For four days Mya Nandar Aung sat on a wooden plank and held her 2-year-old daughter. Aung was not allowed to stand or lie down. She wasn’t allowed to sleep. She ate and drank very little and her legs went numb. When her around-the-clock interrogators in the government prison center leaned in, Aung pressed her daughter close.
“I keep on telling myself that I can’t let anything go wrong with me. If something happened to me I would lose control. They would take my daughter or kill my daughter.”
This was in June 2012, after Arakanese Buddhist mobs swept through Arakan state in western Burma, an area that is home to the Rohingya, a Muslim minority. Villages were burned and hundreds of people, mostly Muslim, were killed. Aung and her husband, Maung Maung “Tony” Than, Burmese who worked for the United Nations High Commission on Refugees, were arrested as they were about to be evacuated with UNHCR staff. The couple endured 19 days of harsh interrogation and six months in prison before a judge found there was no evidence that they had committed a crime.
Aung and Than are at Colby as fellows selected by the 2013 Oak Institute for the Study of International Human Rights. They are spending the semester teaching and writing as they try to impart to the Colby community and America the dire situation in their country.
The violence in western Myanmar (formerly Burma) spread quickly, fueled by longstanding animosity between the Arakanese and Rohingya. That anger and hatred had been kept in check by the military junta that ruled the country until 2010. A democratic government gave citizens, especially majority Buddhists, the right to free speech and movement and, exhorted by Buddhist extremists, the Arakanese set out to force the Rohingya from the region.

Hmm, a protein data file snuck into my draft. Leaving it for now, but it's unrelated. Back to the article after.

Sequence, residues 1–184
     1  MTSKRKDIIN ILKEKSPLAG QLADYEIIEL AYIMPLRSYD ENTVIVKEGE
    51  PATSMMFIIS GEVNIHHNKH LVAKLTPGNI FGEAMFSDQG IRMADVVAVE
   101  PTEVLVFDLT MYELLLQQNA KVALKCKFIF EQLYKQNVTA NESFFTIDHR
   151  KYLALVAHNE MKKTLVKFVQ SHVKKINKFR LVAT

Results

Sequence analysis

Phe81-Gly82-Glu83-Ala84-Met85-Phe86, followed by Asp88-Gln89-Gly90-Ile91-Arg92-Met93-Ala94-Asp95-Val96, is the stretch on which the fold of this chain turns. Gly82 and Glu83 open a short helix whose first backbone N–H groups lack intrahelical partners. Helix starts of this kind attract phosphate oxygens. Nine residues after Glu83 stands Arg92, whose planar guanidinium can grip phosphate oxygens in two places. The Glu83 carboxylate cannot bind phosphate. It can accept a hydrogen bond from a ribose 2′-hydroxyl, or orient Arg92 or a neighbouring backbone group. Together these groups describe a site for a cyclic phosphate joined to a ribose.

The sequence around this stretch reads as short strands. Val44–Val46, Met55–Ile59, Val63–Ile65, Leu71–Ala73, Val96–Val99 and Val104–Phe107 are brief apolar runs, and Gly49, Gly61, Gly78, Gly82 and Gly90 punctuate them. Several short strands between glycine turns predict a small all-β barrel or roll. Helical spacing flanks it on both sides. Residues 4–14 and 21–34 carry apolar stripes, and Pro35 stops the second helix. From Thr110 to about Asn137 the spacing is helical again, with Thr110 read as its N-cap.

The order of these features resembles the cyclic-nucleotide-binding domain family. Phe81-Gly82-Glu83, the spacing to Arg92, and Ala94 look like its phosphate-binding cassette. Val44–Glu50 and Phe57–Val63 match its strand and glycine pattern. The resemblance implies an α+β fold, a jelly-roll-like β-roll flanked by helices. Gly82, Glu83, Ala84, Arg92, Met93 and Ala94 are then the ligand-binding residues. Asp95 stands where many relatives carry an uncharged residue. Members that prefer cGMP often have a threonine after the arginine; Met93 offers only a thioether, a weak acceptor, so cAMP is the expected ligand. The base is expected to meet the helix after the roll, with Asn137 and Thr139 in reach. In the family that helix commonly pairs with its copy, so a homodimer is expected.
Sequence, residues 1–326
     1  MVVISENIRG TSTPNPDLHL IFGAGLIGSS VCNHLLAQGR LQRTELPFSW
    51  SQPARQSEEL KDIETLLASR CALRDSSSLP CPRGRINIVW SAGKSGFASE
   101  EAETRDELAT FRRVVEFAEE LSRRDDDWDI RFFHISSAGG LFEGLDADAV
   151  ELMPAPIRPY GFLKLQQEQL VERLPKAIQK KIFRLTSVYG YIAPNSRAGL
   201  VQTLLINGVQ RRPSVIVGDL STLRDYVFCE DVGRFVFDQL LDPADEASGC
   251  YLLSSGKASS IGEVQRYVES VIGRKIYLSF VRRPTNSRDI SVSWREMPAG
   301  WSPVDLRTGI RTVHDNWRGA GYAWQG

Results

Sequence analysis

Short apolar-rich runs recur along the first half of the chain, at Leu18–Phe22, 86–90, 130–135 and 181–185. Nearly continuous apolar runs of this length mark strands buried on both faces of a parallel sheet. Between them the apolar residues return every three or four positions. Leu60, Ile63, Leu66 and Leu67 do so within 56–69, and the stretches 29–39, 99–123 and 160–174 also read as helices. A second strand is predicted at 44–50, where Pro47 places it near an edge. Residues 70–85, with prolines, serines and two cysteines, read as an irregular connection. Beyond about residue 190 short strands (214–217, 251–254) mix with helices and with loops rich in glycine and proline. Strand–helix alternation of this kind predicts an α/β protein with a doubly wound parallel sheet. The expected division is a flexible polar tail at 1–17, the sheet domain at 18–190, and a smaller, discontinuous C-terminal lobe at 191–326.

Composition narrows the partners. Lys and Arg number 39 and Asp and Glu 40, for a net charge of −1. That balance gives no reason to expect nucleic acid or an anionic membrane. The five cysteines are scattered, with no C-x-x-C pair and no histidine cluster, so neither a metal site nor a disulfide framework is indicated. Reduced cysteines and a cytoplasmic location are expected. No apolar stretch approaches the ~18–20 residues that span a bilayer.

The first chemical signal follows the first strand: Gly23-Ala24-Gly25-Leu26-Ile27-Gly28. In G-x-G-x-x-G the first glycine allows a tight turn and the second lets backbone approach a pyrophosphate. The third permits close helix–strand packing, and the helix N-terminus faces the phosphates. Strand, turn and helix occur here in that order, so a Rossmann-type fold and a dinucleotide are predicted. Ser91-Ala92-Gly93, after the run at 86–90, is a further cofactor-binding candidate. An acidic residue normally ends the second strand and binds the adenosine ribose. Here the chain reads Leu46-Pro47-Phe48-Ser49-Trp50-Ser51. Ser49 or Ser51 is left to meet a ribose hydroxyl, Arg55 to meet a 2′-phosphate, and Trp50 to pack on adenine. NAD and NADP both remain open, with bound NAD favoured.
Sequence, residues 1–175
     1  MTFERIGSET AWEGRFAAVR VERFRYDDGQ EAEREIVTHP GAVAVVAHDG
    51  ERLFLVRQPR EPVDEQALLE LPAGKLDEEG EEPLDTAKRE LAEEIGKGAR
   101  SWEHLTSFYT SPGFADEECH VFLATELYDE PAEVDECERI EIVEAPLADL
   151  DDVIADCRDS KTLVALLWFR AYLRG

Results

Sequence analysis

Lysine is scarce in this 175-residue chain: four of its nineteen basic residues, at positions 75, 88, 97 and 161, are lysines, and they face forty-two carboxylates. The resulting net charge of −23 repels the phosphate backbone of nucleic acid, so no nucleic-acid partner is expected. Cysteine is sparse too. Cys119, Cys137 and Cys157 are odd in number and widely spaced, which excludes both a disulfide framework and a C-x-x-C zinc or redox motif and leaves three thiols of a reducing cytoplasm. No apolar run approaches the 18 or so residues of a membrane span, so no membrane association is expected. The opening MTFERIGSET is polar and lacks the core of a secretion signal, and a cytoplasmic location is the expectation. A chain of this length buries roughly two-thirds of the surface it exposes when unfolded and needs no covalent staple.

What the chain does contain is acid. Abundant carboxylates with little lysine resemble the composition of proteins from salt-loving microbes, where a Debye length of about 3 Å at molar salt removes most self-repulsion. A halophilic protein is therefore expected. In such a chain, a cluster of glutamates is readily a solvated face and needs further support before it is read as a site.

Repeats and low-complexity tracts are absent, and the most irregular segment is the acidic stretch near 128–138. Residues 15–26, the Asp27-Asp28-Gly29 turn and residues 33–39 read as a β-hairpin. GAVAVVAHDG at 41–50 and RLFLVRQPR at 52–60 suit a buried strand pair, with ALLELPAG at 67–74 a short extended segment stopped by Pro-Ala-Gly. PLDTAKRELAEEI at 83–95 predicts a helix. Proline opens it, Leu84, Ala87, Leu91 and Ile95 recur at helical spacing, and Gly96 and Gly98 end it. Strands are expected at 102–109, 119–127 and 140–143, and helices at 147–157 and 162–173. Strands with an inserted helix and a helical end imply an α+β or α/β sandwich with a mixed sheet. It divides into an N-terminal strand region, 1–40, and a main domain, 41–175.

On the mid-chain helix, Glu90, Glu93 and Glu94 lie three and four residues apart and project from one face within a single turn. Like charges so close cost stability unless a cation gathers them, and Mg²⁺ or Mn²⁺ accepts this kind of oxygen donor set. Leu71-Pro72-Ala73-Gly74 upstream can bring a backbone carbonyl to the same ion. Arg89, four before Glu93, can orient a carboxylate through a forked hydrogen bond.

The violence displaced more than 100,000 Muslims, and more than 1,000 remain imprisoned without cause, Aung and Than say, including Aung’s father, a physician and Muslim leader, who was sentenced to 17 years in prison. The government did little to prevent or stem the ethnic violence, Aung and Than say, and Muslims who defended themselves were apprehended and jailed. While there was harsh treatment under the junta, the present situation has left the Muslim minority with little government protection.
“Now you’re not safe,” Than said. “Your family is not safe. You can be attacked at any time. [Under the junta] it was a violation of rights. Now it is a physical violation.”
Than and Aung hope that increased scrutiny by the international community (President Barack Obama visited Rangoon in November and warned against continued violence) will lead the government to quell the violence and persecution of Muslims. Than, a Muslim, said the couple cannot return to Myanmar until the situation is stabilized. But he said he wanted the government to know that he and his wife, whose maternal relatives are Buddhist, want to play a role in finding a path to peace in the region. “We can help,” he said. “We know the situation.”
True reconciliation, Than said, may take a decade or more. And it will come only when there is a change in the fundamental attitudes between the ethnic and religious groups in the country. Punishing perpetrators of violence is necessary, he said, “but it’s a never-ending job. If bad people become good, it’s safe for you and them.”
Aung points to the fact that, during her interrogation and imprisonment, one prison worker was sympathetic and brought a blanket and dirty pillow for her daughter. “I have a faith,” she said, “that you will find a kind soul among bad souls.”